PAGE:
DOWN TO THE WIRE: Local leaders grow more concerned about Census response numbers
With only seven days left to take the 2020 Census, local leaders are concerned about the response rates.
Troup County, in total, only has a 61.8 percent response rate to the Census.
In LaGrange, 41.1 percent of the population has taken the Census online and the other 17.3 percent has used the mail in method. In total, less than 60 percent of the LaGrange community has taken it.
“I am nervous,” said LaGrange Mayor Jim Thornton. “Georgia as a state is very low right now too, and then inside Georgia, Troup County and LaGrange are very low comparatively. For the next 10 years, this will affect the allocation of state and federal funding, and it will affect our representation at all levels of government.”
The U.S. Census Atlanta Regional Office is expecting Georgia and Troup County to miss out on thousands of dollars from federal funding if more people don’t take the Census.
“I’m very concerned and I would just encourage anybody who has already completed the census, to reach out to their friends and neighbors and encourage them to do so,” Thornton said. “All grants from the state and federal government are tied to population, so that would be real money that would be reduced. Also, our representation in Congress would be reduced.”
The Census only takes place every ten years, therefore there is no going back after the deadline on Sept. 30.
“This is not something we can fix next year,” Thornton said. “We will have to live with it until 2030.”
According to the 2020Census.gov, the results will also determine how hundreds of billions of dollars in federal funding are allocated to more than 100 programs, including Medicaid, Head Start, block grants for community mental health services and the Supplemental Nutrition Assistance Program.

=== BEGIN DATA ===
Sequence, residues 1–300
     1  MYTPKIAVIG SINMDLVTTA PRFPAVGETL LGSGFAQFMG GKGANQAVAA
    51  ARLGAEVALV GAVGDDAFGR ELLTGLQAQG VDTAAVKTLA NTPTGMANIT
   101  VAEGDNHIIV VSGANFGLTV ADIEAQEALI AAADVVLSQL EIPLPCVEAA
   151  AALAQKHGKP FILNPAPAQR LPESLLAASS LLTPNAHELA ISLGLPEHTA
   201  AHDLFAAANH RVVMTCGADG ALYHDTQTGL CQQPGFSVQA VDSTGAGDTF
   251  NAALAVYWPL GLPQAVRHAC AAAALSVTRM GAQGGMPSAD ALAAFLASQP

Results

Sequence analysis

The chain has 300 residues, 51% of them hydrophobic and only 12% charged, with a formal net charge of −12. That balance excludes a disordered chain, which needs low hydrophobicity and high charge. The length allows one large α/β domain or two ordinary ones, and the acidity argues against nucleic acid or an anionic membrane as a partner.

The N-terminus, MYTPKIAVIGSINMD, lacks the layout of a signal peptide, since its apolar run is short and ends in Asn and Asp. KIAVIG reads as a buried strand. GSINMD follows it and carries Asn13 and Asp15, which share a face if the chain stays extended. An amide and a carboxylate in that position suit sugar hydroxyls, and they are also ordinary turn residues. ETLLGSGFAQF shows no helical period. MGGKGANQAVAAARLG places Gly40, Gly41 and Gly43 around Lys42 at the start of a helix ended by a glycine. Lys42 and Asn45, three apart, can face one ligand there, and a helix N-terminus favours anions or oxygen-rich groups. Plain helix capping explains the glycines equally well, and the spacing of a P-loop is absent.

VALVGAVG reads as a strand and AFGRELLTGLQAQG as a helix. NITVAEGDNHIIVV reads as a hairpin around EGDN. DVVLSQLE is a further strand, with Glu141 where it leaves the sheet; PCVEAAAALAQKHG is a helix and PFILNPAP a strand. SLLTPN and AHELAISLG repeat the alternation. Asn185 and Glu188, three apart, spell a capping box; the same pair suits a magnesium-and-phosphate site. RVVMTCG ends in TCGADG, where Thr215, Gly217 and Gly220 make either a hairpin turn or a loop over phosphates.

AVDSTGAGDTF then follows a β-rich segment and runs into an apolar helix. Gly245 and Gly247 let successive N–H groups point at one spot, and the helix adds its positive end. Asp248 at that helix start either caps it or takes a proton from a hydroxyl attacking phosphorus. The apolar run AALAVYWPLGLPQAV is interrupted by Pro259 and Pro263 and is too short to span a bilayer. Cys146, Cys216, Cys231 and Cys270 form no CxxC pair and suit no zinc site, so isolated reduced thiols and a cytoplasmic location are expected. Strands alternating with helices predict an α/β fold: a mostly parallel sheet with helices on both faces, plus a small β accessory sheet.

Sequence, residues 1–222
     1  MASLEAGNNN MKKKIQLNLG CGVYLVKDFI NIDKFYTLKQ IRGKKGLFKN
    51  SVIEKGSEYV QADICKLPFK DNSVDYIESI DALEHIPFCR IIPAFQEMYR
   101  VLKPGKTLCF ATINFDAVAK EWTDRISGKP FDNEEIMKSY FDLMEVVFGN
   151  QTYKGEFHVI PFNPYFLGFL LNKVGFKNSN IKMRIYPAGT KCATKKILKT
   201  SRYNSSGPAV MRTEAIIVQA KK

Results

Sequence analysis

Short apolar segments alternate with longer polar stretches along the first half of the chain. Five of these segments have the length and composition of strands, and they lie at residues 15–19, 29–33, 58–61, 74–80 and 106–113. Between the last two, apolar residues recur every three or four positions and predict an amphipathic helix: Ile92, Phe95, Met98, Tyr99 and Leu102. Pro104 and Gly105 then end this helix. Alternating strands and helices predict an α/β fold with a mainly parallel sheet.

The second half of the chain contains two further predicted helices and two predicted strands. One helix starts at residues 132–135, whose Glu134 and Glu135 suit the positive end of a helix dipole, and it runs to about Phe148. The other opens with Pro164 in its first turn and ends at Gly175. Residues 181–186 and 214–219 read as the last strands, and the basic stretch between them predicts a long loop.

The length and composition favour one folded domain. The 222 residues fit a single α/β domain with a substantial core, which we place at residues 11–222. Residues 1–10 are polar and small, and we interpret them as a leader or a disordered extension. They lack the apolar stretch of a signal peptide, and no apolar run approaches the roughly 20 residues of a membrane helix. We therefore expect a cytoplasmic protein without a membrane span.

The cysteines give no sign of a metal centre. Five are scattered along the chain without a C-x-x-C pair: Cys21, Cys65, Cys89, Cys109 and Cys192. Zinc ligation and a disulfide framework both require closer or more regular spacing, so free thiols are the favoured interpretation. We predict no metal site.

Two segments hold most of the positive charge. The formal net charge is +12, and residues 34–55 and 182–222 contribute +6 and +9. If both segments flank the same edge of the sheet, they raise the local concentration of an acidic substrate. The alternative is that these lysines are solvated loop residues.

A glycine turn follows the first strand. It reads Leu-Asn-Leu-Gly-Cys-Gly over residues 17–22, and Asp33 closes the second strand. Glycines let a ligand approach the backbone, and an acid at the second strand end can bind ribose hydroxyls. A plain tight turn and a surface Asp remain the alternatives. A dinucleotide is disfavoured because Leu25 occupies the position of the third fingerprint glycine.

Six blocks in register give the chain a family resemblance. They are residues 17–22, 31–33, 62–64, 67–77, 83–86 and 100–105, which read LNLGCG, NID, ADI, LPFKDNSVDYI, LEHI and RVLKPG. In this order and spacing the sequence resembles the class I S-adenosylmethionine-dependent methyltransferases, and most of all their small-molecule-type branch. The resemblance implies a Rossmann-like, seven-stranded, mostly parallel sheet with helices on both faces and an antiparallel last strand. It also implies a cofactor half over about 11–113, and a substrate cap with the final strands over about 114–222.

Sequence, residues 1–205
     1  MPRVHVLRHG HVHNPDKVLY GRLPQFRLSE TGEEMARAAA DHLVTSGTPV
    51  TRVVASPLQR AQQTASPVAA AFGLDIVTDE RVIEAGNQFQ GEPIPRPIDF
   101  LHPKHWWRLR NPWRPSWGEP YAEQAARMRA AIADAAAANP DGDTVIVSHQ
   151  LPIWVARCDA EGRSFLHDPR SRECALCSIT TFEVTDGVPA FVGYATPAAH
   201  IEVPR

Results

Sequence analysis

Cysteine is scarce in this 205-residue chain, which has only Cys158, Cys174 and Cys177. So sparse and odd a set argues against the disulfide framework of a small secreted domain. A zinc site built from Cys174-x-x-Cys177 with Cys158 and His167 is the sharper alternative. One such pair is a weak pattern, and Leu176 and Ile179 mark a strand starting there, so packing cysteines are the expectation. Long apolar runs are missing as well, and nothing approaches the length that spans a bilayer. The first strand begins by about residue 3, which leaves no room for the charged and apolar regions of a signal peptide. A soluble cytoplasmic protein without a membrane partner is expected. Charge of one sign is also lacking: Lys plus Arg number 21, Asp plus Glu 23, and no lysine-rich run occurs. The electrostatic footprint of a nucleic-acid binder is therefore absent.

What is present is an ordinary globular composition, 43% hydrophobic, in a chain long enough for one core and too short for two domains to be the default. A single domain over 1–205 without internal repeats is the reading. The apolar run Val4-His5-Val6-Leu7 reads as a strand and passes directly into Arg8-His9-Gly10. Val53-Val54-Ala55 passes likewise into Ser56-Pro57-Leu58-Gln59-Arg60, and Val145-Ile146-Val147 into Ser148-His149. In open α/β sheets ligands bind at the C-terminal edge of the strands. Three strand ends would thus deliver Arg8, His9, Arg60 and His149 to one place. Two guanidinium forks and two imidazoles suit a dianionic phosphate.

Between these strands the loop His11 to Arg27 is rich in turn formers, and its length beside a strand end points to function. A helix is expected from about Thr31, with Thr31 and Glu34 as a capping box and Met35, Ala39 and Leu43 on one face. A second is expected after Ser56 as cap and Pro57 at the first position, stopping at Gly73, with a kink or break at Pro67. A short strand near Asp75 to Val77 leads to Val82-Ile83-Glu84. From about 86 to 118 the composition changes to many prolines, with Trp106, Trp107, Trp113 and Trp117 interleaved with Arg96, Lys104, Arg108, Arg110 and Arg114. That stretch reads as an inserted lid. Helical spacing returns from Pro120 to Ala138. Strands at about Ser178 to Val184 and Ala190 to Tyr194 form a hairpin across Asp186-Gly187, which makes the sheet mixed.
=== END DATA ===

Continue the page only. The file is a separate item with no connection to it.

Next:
As part of its Nonresponse Follow-up Operation (NRFU), the U.S. Census Bureau is visiting every household that has not already responded to the 2020 Census to ensure a complete and accurate count.
The city of Hogansville is seeing less than a 60 percent response rate with only 57.2 percent of the community responding.
“We’ve put out notices out in the utility bills, we’ve mentioned it every chance we get and the next step is Census workers showing up at their doors,” said Hogansville Mayor Bill Stankiewicz. “It just makes the job more difficult. We had a larger response 10-years-ago.”
Stankiewicz said it will be small towns like Hogansville that will suffer the most.
“We are distributed SPLOST dollars based on population size, and it’ll hurt our share from the piece we get as part of the county,” Stankiewicz said. “Right now, and it’s been this way for a long time, we get five percent, West Point gets five percent, LaGrange gets 45 percent and the county gets 45 percent. If we even lost one percent, it’ll be an astronomical amount of money for the city.”
Those who have not yet completed the 2020 Census can visit my2020census.gov or respond by phone or paper mail with details available at 2020Census.gov.
Local officials are encouraging people to count everyone who lives in their home, including relatives, non-relatives, friends and roommates.
Also, count all children and babies who were born on or before April 1, 2020.